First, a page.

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Thread: The Infantry Conundrum

  1. #1

    The Infantry Conundrum

    The commanders of the Civil War were using Napoleonic/Mexican War tactics they’d learned at West Point of bunching up men in high density lines to fire volleys at each other.

    In reality, the significantly improved accuracy of the weaponry since Napoleonic times meant they could form skirmish lines with men yards apart and still inflict heavy casualties on their opponents without providing such juicy targets for each other. The weapons had surpassed the tactics. Not just my conclusion but that of many military historians.

    So we face this conundrum of encouraging (and maybe forcing) people in WoR to form high density shoulder-to-shoulder/double-rank lines in the name of authenticity when in reality skirmish groups yards apart can be a very effective way to play.

    Essentially the Conundrum is this - is it gaming the game to play smart, self-preserve and not provide a juicy target for the enemy if you’re still inflicting casualties on them?
    Last edited by Quaker; 10-27-2018 at 11:55 AM.

  2. #2

    USA Lieutenant Colonel

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    So first things first the game has a ticket system in place that works of how many people are in line and how close they are but you are quite right skirmishing can be a more effective way to play but there is nothing forcing you to have to form big line you can skirmish with people and still get the formation buff. But the developers are quite rightly trying to encourage us as players to form up into lines so to encourage more team work and also to keep that slight historical authenticity which defines the game for what it represents in my eyes. But yet again there is nothing stopping you from getting some players together and skirmishing. Also PS have you played the current phase II stage of war of rights ?


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    Last edited by Quaker; 10-27-2018 at 01:55 PM.

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    We are a skirmish unit and fight that way the majority of the time. Occasionally we will join a line or line up on fences shoulder to shoulder but for the most part we fight in loose formations. As long as you have 4 guys together minimum and stay 3-5 paces apart you should be good as far as remaining within the skirmish buff and not costing your team lots of tickets by dying out of line.
    Last edited by Shiloh; 10-27-2018 at 08:03 PM.

  5. #5

    CSA Major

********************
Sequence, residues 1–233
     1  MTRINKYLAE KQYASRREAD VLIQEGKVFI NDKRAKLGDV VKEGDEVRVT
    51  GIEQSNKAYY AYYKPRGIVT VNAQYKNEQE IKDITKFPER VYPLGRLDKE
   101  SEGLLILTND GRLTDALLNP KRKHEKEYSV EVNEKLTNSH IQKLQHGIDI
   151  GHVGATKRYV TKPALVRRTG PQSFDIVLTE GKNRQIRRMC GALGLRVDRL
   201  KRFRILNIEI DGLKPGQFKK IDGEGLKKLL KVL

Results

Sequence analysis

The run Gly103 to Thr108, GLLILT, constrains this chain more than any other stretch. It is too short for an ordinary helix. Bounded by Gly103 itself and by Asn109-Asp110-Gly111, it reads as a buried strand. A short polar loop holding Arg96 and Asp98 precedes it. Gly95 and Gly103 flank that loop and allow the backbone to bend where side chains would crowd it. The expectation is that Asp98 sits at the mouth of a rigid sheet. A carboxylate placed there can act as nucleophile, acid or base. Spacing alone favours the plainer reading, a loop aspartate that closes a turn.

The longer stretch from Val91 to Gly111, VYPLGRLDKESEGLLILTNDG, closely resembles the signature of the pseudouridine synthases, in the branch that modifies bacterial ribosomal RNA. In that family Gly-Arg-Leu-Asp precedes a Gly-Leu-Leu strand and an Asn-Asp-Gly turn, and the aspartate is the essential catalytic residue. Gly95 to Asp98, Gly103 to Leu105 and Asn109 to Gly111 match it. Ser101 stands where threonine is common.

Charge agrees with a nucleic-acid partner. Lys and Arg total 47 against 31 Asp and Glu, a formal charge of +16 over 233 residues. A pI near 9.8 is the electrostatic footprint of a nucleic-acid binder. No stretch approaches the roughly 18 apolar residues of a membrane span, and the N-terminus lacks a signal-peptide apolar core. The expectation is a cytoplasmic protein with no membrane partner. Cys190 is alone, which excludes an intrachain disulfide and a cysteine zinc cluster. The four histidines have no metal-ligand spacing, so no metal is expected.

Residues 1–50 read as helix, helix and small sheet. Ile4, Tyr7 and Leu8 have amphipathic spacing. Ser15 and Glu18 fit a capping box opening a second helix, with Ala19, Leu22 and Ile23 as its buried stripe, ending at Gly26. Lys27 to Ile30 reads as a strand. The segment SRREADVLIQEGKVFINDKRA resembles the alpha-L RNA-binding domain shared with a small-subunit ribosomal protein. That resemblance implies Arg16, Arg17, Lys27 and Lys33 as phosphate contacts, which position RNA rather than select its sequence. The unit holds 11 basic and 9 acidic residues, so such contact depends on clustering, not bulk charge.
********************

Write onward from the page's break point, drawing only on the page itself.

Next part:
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    No, it is not 'gaming the game', because when you use the tactics of the time and mass fire, it is deadly and sometimes can take down large swaths of enemies that are all spread out and not massing their fire. Skirmishing can still have it's advantages in certain environments certainly, but on average, making a solid line is still very deadly and effective, plus it looks badass. Not to mention the whole morale system which promotes it.
    The chances are by the time you have finished typing a long response to my post, I have changed half of the original post.

  6. #6
    Best thing in this game is a combination of both lines and skirmish formations.
    3rd Alabama Company A "Mobile Cadets"

  7. #7
    WoR-Dev GeorgeCrecy's Avatar
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    Hey there everyone,

    In the discussion of why they did what they did, as well as a different way to look at it, I might suggest reading Earl Hess' Civil War Infantry Tactics: Training, Combat, and Small-Unit Effectiveness.
    As to the other part of the discussion, you are certainly encouraged to either form line, or to form as skirmishers for the purpose of playing this game as they would have. Skirmishing has the benefit of technically being harder to aim at than a big block of guys, but can easily be routed by a more concerted force, so there is a give and take to how each performs that a commander must consider when deploying those under them. As brentcarter mentions, it was often best to have a mix, hence why companies of regiments would be deployed in front of the rest of their comrades as skirmishers, where the rest of the regiment would be in range to support.

  8. #8
    This particular part of CW combat always interests me. When you go to CW battlefields you often expect these places to be huge and are quite surprised to see how condensed they are and how close the action often was. Studying combat in general you learn that guys historically always make poor use of the full range of their weapons up until perhaps more recently with less stock put into seizing and holding terrain nowdays. It strikes one as utterly impossible that the fights could occur in these places with the casualty figures being less than total annihilation and yet they'd often be 20-30% or less.

    Obviously the average soldier was no crack shot and had little practice often and yet there are plenty of cases of individual targets being hit with extreme prejudice. Iron brigade skirmishers at Willoughby Run West of Gettysburg picked off numerous NC troops in the color guard advancing down the slope in line of battle. Several remarked that it was the most well-dressed line they ever saw as they fired on it and it was an easy shot. They had a clear line of sight as this was following a lull in the fighting. This of course doesn't last long as they close in and the skirmishers fall back on their respective regiments. The first volleys of the defenders were devastating (as is often the case targeted on line of battle) but their effectiveness rapidly decreases as visibility becomes spotty at best. The location they were fighting in is said to have become as black as night from the black powder discharges in a short period of time and this accounts for a large drop in effectiveness and the possibility of a protracted firefight at "no more than twenty paces." You often hear the same thing about powder cutting visibility severely.